- If you don't have access to a 401(k) through work, look at your budget and see where you may be able to save a little bit extra each month. Those excess funds can be put into an Individual Retirement Account (IRA).
- Speak with a financial professional about your retirement needs and concerns. They can work hand in hand with you to set goals and develop a plan to address your unique needs.
3. Living Beyond Your Means
Today, it's easier than ever to shop and spend online. But if you don't have a budget or account alerts set up, you may be in for a shock when your monthly statements come in. That could impact your ability to save for retirement, pay off debt or build an emergency fund. That is currently a reality for the 36% of Americans who report they'd have trouble paying an emergency expense of $400.3
As hard as it is, if you find yourself living beyond your means, you may need to make some difficult financial choices. These can include getting a more affordable car, cutting unnecessary spending and limiting your credit card use.
If getting ahead of your spending is a goal you're working toward, consider these strategies:
- Revisit your budget if you have one. If you don't, now is a good time to create one.
- Leverage online tools and apps for help. For example, many free budget trackers will alert you to big purchases and remind you if you're going over your planned budget.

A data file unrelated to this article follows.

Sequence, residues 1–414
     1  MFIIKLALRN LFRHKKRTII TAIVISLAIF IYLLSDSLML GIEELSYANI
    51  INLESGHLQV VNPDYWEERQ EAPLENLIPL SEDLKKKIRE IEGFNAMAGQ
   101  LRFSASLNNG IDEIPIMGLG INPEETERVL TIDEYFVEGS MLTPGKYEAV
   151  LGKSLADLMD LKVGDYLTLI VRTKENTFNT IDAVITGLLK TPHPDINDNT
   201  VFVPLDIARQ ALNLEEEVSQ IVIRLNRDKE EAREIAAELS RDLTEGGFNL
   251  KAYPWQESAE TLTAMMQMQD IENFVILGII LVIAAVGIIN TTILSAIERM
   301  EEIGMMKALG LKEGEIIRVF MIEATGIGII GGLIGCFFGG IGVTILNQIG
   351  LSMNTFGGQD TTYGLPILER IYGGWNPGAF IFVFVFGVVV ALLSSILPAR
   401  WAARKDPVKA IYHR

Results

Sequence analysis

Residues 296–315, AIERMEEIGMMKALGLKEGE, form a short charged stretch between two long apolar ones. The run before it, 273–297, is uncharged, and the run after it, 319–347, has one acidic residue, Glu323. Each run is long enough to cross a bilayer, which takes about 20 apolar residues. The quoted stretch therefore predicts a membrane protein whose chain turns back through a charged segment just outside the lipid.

- Consider ways to bring in extra income. This may mean a side hustle or an online job doing gig work.
How to Recover From Common Financial Mistakes
If you could benefit from reducing debt, paying off bills and replenishing your savings, a financial recovery plan can help you take control of your situation. It is absolutely possible to recover from common financial mistakes. Here are five steps to help you get started:
- Take stock of your current financial situation. Seeing where you stand can help you figure out the next steps. Identify possible solutions to any challenges you're facing.
- Create goals. Focus on actionable and achievable goals first, and get specific wherever you can.
- Develop a strategy. Once you have established your goals, you can work backward to create a plan that will help you hit them.
- Execute your plan. With the steps laid out, you now have to take action and make sure you're following through.
- Review periodically. Set a schedule to check back in and review your progress and make tweaks where needed. Even the best laid plans need updating occasionally.
It can be hard to look at a mistake and not feel frustrated. But your best approach is to accept that it happened, learn from it and put some plans in place to help ensure it doesn't happen again. If you think you might benefit from personalized advice relating to your individual situation, don't hesitate to reach out to a financial professional for assistance.
- Pierce T. and Williams A. Large Number of Americans Reported Financial Anxiety and Stress Even Before the Pandemic. FINRA. https://www.finra.org/media-center/newsreleases/2021/large-number-americans-reported-financial-anxiety-and-stress-even. Published April 28, 2021. Accessed March 1, 2022.
- NFCC Financial Literacy Survey Highlights Areas of Most Urgent Concern as COVID-19 Reached the United States. NFCC. https://digital.nfcc.org/media-resources-center/nfcc-financial-literacy-survey-highlights-areas-of-most-urgent-concern-as-covid-19-reached-the-united-states/. Accessed July 5, 2023.
- Grover M. What a $400 emergency expense tells us about the economy. Federal Reserve Bank of Minneapolis. https://www.minneapolisfed.org/article/2021/what-a-400-dollar-emergency-expense-tells-us-about-the-economy. Published June 11, 2021. Accessed March 1, 2022.